There is no shortage of video games to play in 2017, but any gamer knows that the constant dread we face is not the lack of time, but the lack of space. Yes, this dreaded screen has been plaguing PlayStation 4 (500GB) owners for years and I have been close to tearing my hair out in frustration when this shows up, the moment I pop in a new Blu-ray disc or attempt to download each month’s free game offerings from my PS Plus subscription.

Sure, deleting old games to free up space is easy enough to do, but somehow making that decision seems harder and harder, as I am always telling myself that I’ll eventually find time to finish that one game.

The only solution is to upgrade that measly hard disk, but I have been skeptical for the longest time, due to the technicalities of having to pop open the console, swap out the hard drive, backup/restore my data. Sorry Xbox One fans, but the ability of that console to simply plug in an external drive to increase capacity is a winning one.

With fellow geeks all around me snapping up the new PS4 Pro and PS4 Slim, I knew I had to do something for my aging PS4, to give it a new lease of life (somewhat). The entire process turned out far easier than I expected, and deeply satisfying, so let’s get to it!

The Tools of the Trade

First up, to assemble the tools needed for the operation:

  1. The spanking new hard drive – a Seagate Firecuda 2TB (2.5-inch).
  2. A geeky 1GB Flash Drive for housing the latest PS4 System Software.
  3. A trusty Philips head screwdriver.
  4. Any portable hard drive (at least 500GB)  for backing up and restoring your PS4 content.

The Seagate Firecuda 2TB hard drive was the choice for this little experiment. Being a hybrid SSHD (solid state hybrid drive), it offers some of the improvements granted by a full SSD (speedier bootup, load times, installs, etc) minus the price markup. Although this particular drive also spins the same speed of 5400RPM, it should still run a little faster, and of course, offers 4 times the capacity.

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At just a mere S$179 (US$125), its good balance of performance/capacity/value. What follows are just 3 simple steps.

[STEP 1] Backup That Content

This step to backup your PS4 content can be skipped entirely if you’d prefer to start your PS4 afresh, and re-download/re-install your games. However, if you’re like me, and have some geeky emotional attachment to the game saves, settings, game installs, updates, and screen and video captures, you’ll need to hook up the portable hard drive to the USB port of the PS4 to back it all up. Make sure the hard drive is formatted to the exFAT file system, as the PS4 doesn’t work with NTFS-formatted drives.

Once the drive is hooked up, navigate to System > Back Up and Restore > Back up PS4.

At this point, you will see how much data you’ll be backing up. In my case, I had a whopping 382.5GB to backup.

It would be a good idea to do some housekeeping before running the backup though. Take the opportunity to delete those unwanted screen and video captures, and games/apps you no longer play. Try to keep your backup file size as small as you can.

Otherwise, you end up in this situation, which took me 4 hours to backup the PS4.

[STEP 2] The HDD Swap

Now, on to the fun bit. After powering off the PS4 and removing all the plugs, I pressed down a little on the top-half of the console housing and slid it open.

There is just a single screw to unscrew, which can be easily identified by the circle-square-triangle-cross PS symbols.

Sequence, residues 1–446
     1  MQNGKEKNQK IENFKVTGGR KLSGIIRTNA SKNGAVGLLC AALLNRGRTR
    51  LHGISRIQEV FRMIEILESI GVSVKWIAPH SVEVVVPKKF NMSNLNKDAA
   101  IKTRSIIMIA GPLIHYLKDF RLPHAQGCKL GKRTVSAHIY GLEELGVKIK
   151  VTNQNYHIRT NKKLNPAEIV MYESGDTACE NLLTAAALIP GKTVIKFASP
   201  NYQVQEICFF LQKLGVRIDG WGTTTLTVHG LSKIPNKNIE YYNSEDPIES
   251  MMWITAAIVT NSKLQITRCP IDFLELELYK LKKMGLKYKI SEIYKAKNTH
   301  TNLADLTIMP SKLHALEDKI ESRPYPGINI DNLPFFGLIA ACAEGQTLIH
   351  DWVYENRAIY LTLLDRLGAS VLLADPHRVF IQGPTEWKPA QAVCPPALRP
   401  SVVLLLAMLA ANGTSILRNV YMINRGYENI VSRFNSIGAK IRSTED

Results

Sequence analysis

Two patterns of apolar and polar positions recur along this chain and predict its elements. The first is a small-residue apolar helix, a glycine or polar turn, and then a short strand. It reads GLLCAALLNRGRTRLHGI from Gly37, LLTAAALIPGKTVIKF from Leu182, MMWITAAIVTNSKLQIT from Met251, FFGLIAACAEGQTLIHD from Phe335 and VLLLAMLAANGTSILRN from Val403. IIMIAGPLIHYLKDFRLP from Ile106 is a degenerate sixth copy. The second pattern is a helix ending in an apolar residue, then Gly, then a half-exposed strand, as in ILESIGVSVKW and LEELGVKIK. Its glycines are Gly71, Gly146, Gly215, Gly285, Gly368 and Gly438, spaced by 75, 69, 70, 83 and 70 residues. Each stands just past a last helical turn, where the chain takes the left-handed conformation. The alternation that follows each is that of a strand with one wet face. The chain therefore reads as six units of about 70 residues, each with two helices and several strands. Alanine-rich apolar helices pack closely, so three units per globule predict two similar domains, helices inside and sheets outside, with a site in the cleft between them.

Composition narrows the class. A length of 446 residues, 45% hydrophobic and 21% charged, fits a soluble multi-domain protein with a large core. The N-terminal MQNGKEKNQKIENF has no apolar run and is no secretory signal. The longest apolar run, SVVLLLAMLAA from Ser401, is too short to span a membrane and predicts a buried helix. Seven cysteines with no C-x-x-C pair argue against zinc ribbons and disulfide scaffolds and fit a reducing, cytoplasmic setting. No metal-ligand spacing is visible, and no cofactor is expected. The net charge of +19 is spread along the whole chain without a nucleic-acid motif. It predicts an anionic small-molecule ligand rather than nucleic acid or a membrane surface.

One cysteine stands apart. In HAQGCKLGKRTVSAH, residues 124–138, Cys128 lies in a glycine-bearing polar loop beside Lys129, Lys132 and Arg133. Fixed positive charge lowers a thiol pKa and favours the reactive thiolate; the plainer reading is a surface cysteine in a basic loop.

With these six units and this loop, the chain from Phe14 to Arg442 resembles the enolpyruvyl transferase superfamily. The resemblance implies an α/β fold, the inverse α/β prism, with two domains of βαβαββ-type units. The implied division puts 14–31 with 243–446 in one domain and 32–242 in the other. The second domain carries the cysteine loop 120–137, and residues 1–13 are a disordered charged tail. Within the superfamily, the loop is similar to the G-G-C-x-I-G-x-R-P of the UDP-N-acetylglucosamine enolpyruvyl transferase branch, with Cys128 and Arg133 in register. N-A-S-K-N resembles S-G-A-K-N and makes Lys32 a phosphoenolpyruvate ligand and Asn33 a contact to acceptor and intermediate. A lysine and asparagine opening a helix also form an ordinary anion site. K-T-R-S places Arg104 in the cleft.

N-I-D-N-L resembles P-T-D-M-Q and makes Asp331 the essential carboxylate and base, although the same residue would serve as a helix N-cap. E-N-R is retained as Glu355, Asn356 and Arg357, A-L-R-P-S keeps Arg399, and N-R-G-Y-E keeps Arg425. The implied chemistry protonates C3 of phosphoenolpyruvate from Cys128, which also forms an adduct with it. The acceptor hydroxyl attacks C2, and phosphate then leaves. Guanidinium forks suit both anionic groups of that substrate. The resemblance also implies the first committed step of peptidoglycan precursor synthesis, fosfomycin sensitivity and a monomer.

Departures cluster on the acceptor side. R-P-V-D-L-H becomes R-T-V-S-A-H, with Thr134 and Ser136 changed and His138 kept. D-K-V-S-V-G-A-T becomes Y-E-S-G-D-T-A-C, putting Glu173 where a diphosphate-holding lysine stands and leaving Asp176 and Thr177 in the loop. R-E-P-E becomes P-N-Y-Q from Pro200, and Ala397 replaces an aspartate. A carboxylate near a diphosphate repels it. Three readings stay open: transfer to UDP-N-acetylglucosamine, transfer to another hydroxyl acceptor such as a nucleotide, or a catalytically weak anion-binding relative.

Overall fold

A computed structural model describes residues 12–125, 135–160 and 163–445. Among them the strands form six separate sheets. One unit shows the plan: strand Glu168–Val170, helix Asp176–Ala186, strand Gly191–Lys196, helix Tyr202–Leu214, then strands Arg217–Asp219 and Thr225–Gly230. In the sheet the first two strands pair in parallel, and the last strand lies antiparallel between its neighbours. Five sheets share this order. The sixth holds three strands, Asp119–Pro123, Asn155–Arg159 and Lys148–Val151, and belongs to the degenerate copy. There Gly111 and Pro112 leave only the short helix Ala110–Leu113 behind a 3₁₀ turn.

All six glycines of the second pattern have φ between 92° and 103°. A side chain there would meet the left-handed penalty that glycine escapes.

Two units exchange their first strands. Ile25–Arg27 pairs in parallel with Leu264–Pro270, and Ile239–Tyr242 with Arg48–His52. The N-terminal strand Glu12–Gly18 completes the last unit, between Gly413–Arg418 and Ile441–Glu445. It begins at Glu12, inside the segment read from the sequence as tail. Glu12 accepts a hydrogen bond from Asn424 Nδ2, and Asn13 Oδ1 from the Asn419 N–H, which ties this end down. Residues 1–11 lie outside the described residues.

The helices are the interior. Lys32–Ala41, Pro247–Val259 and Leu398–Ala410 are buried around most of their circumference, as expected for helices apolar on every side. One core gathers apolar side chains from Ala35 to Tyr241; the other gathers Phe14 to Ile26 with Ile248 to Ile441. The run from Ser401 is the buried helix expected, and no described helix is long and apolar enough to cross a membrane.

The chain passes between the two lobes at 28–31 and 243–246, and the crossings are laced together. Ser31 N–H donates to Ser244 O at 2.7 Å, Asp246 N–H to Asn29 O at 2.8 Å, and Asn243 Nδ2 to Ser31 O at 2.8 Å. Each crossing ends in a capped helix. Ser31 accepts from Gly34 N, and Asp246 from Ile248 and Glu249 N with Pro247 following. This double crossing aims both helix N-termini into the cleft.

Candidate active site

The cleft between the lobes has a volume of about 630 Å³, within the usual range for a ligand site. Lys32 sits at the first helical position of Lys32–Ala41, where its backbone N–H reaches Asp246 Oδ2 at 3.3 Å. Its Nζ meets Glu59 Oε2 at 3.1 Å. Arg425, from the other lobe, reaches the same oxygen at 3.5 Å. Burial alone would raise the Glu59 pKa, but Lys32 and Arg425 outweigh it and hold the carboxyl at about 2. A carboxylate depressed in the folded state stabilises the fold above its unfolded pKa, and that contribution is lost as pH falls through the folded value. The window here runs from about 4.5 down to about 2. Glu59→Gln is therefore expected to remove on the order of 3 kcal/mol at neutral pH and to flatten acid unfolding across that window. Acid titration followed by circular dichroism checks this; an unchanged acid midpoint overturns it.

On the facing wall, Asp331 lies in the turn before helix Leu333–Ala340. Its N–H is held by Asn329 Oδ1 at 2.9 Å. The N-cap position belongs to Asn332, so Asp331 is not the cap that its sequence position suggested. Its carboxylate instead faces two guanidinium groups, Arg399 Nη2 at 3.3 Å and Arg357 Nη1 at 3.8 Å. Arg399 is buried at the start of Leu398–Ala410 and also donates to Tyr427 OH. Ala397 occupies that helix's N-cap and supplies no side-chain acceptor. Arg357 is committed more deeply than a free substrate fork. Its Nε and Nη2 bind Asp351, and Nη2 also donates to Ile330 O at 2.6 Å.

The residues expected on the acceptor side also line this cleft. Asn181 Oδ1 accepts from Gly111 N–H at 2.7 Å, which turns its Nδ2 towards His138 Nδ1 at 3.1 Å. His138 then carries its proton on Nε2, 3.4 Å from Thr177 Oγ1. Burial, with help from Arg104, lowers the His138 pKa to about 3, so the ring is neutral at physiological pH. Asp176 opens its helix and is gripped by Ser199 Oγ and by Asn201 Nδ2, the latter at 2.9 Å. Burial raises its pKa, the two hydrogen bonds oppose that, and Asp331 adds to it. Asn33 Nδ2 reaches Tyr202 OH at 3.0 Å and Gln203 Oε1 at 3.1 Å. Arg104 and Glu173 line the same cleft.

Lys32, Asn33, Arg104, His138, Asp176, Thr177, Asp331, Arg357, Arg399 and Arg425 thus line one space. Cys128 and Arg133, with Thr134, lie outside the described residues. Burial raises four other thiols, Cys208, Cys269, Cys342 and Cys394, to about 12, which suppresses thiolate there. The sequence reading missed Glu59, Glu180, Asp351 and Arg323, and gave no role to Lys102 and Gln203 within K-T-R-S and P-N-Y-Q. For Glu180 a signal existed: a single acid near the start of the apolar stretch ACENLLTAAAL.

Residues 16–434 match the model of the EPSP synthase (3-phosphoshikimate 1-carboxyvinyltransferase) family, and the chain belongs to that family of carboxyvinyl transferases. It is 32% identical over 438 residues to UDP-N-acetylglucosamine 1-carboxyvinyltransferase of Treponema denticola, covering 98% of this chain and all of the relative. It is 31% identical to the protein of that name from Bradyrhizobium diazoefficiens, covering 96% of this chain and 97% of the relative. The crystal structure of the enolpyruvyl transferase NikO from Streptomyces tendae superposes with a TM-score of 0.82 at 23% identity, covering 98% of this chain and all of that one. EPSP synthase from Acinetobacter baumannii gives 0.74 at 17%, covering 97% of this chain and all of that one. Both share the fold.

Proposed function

Once that’s done, I simply slid out the hard disk housing via the protruding handle, and proceeded to unscrew the four black screws (two on each side) and laid them all out.

New vs old laid out. Goodbye stock 500GB HDD, say hello to 2TB Hybrid SSHD.

I placed the new hard disk in the housing, and repeated the above steps in reverse. Easy peasy.

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[STEP 3] Software Installation and Restore That Content

Armed with my Millennium Falcon Flash Drive, I headed over to the official PlayStation website to download the latest System Software (as before, the Flash Drive needs to be formatted in exFAT too). Once that is done, I plugged the Flash Drive into the USB port of the PS4, and pressed down on the power button for at least 7 seconds. The PS4 will then boot up in safe mode. On screen, there will be just one option to select “Initialize PS4 (Reinstall System Software)”. Just follow along the screen prompts to complete the update.

After the PS4 boots up, if you backed up your old hard disk from Step 1, its time to restore it via the same steps. I reconnected my portable hard drive, and navigated to System > Back Up and Restore > Restore PS4. Thank goodness this process was significantly faster.

Once the restoration is completed, the PS4 will boot up once again and everything will look as it was before! Except this time, there so much more room to install the onslaught of 2017 game releases!

Let’s take it for a Spin

Now that we’ve gotten the technical bit out of the way, it’s time to give the new HDD a spin to see how it improves upon the performance when booting up and loading games.

Here’s a quick table I have put together from my personal experience that should give you a good idea on the improvements:

 Activity Stock 500GB HDD Seagate FireCuda 2TB SSHD
Booting up the PS4 42 seconds 30 seconds
Booting up Call of Duty: Infinite Warfare 20 seconds 12 seconds

So is it worth the S$179 (US$125) upgrade for your ageing PlayStation 4 console? It’s a definite YES for quadrupling the hard disk capacity, and overall speedier load times (which means more time for gaming!).


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Yonk

Yonk

Yonk is a geek who is fortunate enough to have an equally geeky Star Wars fan for a wife, who owns a LEGO Millennium Falcon encased in a glass coffee table as their home's centre-piece.